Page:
And you can go even further, as you can see on the map above. If you continue south you will find a couple of small beaches such as Spiaggia di Baia dell’Orte, and after that Grotta del Vento and Punta Palascìa lighthouse. The latter, commonly known as Capo d’Otranto, is Italy’s most easterly point. It is one of five Mediterranean lighthouses protected by the European Commission. It is often visited by tourists, particularly at New Year, since it stands at the point where the dawn of the new year may first be seen in Italy. According to nautical conventions, Capo d’Otranto marks the point where the Ionian Sea and the Adriatic Sea meet.
The beach in the picture above was our favourite, and it’s right there in front of the town. Turquoise, calm and warm waters all day long at walking distance. You can walk from your accommodation, find a good spot, and go to one of the shops nearby to take a break and relax. It’s called Spiaggia della Riviera degli Haethei. Some rock formations and human intervention have made this beach unique. There is sand but below there are rocks, so you cannot just put your umbrella on. However; there are some tubes already there so you only need to put your umbrella on top (no need to drill a hole). And when the sunset is approaching, if you still want a bit more sun, you can go to the opposite side (southern direction), next to Maestrale bar, and you will get it.
If you want to take the car and drive for some time you have plenty of options. Bear in mind that the area is not big, and you can get from one coast to the other in 30 minutes. But in less time than that, no more than 15, you can visit Alimini Beach, which is one of the most popular beaches in Puglia, and it is worth visiting without a doubt. It is a long white sandy beach with lots of private and public lidos and facilities. And there are 2 lakes inland: the saltwater Alimini Grande and spring-fed Alimini Piccolo.
There are more beaches nearby, such as Spiaggia di Porto Craulo o La Punta, Spiaggia della Plancia and Lido della Staffa, which are all at the north end of the town. There are also some smaller calas and grottas, such as Cala di Grotta Monaca and Mulino d’Acqua Beach. The latter is super beautiful but has no public access. We got there thanks to the boat tour we took, which I also recommend.
The tour departs from Otranto and goes to the end of Alimini. It takes 3 hours and includes two swims and complimentary appetizers. For more information and bookings visit the official website.
One key advantage of Puglia is that depending on where you are, you can either go to one side or the other because it does get windy sometimes. There are even some websites with live cameras on the beach, so you can literally check it out in real-time. In general terms, when the north wind blows, the Adriatic Sea is generally rough (from the Lecce seaside resorts to Otranto). While the Ionian Sea will almost certainly be calm. On the other hand, the Sirocco winds blow from the south and are hot winds. The sirocco agitates the Ionian sea, while it makes the sea calm along the north Adriatic side.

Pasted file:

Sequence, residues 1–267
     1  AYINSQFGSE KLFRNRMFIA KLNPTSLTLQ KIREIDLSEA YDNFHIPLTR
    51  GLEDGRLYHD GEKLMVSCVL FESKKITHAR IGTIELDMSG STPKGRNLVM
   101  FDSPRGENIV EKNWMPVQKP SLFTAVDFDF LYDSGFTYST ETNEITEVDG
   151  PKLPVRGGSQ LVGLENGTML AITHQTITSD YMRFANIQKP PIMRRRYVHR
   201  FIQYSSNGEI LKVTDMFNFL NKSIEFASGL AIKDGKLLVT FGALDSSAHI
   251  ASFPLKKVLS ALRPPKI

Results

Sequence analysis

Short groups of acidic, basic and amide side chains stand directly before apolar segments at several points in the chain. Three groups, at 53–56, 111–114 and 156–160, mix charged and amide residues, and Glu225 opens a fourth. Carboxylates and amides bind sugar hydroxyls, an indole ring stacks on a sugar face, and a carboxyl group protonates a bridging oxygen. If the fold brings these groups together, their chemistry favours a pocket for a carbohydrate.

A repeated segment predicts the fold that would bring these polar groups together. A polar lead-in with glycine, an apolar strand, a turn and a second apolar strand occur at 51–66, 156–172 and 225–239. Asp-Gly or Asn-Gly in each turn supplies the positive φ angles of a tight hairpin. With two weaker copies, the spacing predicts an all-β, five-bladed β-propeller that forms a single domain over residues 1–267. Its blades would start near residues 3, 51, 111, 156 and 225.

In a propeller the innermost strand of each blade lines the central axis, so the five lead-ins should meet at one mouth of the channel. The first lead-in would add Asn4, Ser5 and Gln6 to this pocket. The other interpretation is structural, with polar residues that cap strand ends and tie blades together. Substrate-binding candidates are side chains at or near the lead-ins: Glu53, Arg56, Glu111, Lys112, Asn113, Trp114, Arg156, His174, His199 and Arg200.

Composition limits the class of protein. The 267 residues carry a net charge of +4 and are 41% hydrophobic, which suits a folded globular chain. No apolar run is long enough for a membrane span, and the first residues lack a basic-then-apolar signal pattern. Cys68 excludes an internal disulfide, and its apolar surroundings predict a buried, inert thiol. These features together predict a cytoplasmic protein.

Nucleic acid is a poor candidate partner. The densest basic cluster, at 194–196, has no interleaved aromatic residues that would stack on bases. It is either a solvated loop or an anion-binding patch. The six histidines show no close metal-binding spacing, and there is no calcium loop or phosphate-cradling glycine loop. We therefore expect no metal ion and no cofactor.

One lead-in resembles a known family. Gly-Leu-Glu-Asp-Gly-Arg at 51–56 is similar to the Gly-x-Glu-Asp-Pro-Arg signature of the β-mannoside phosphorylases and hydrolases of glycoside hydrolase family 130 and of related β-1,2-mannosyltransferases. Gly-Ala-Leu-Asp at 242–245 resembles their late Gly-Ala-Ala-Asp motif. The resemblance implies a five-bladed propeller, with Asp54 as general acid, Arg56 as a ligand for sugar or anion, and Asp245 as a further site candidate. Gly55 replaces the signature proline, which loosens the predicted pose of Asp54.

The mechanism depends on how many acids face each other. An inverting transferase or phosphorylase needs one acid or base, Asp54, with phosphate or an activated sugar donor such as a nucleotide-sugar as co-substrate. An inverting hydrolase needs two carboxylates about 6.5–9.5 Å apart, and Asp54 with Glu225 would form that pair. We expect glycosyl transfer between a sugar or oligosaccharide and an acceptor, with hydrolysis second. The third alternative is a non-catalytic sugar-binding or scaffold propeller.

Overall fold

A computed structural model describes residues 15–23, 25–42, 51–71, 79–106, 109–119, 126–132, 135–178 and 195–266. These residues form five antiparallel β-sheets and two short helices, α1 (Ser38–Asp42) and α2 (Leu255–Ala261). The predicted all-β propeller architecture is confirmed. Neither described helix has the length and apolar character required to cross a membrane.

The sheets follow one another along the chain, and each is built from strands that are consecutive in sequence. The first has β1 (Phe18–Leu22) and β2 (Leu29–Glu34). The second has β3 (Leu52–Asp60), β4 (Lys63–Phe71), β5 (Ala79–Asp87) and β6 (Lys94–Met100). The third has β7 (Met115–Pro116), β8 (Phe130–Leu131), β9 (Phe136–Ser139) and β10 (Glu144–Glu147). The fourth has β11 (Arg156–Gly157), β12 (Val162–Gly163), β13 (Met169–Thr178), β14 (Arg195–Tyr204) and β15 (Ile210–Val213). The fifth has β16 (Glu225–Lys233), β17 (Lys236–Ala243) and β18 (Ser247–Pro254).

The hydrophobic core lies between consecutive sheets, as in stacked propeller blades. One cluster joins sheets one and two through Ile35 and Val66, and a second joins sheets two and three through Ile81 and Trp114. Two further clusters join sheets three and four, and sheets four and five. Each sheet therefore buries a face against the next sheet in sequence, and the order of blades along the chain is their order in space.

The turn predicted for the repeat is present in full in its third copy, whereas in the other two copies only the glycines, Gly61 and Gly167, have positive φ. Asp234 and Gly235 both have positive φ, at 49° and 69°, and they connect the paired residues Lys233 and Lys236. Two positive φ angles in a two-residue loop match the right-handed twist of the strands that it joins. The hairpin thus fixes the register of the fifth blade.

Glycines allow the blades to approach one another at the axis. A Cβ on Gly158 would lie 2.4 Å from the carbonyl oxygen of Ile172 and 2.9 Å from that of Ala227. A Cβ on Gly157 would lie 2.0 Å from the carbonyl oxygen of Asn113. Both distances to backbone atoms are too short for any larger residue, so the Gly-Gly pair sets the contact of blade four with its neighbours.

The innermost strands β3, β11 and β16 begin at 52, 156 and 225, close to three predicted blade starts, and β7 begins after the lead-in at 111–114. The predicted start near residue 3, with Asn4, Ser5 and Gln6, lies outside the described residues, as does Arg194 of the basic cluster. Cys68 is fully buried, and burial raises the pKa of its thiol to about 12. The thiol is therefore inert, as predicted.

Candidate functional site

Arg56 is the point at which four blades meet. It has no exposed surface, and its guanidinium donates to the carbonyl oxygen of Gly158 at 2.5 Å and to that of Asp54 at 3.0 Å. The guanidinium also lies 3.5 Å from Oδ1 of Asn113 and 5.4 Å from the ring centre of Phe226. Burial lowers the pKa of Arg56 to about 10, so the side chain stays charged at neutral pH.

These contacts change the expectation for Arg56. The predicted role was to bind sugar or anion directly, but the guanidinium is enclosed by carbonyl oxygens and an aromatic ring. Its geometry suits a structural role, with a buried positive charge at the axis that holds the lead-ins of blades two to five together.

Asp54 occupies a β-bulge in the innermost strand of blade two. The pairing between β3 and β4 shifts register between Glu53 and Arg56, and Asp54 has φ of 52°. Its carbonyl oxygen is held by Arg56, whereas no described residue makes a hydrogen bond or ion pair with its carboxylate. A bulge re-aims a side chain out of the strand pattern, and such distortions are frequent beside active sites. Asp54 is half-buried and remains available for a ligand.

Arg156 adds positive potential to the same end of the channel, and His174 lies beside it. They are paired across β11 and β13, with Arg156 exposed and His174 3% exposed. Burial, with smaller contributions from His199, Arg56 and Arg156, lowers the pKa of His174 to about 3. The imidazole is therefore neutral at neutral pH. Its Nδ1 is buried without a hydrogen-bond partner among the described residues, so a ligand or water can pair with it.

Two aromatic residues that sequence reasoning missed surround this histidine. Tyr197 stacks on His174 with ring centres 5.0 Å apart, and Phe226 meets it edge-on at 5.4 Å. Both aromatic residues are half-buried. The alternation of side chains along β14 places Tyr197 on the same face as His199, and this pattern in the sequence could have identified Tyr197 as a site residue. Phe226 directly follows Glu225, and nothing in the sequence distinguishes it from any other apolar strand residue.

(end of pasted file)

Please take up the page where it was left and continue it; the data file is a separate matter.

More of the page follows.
Restaurants and bars
L’Ortale was our favourite place and it deserves at least one visit. It’s just a deli, not a restaurant, offering cold cuts and cheese boards; however, the back garden is beautiful and the ambience is great. There is also live music and very good local wines. A very enjoyable experience no doubt.
In terms of restaurants, we had two really good meals at L’ora di mezzo (tasty ravioli with burrata) and Agli Angeli Ribelli (frutti di mare pasta), both recommendations from our host Silvia. We strongly recommend a place for dinner to have a real Italian agritourism experience a bit further from the town: La Gràmola – Natura e Cucina. And there is one more which is quite popular and needs reservation in advance (1 month at least): Le Stanzie.
We also liked very much both the food and gelato from Martinucci. It was our favourite pistachio ice cream of the trip. They also have good salads, sandwiches, sweets and traditional Rustico.
For a bakery, I can recommend casAmelia, which is close to the other two pubs/cafes: TEORIA del CAOS and La Combutta. Last but not least, if you want to buy good cheese you should visit Caseificio Santoro.
The first time we stayed at B&B Rocamura and we liked it a lot. Super modern and comfortable rooms with balconies. Cosy kitchen and excellent breakfast. Silvia is a great host, very helpful and friendly. She speaks Italian, English and Spanish and knows many places in the area. She gave us good recommendations and was always very attentive. The cakes were super tasty and are all day available. Its location is ideal, as it’s a 10-walk minute from the beach and 15 from the city centre.
The last time we stayed at an Airbnb, on the other side of the town. It was further from the main beach, but closer to the castle, the port and the town centre. The place has a terrace and we really enjoy our stay, plus Francesca the host was amazing and helpful.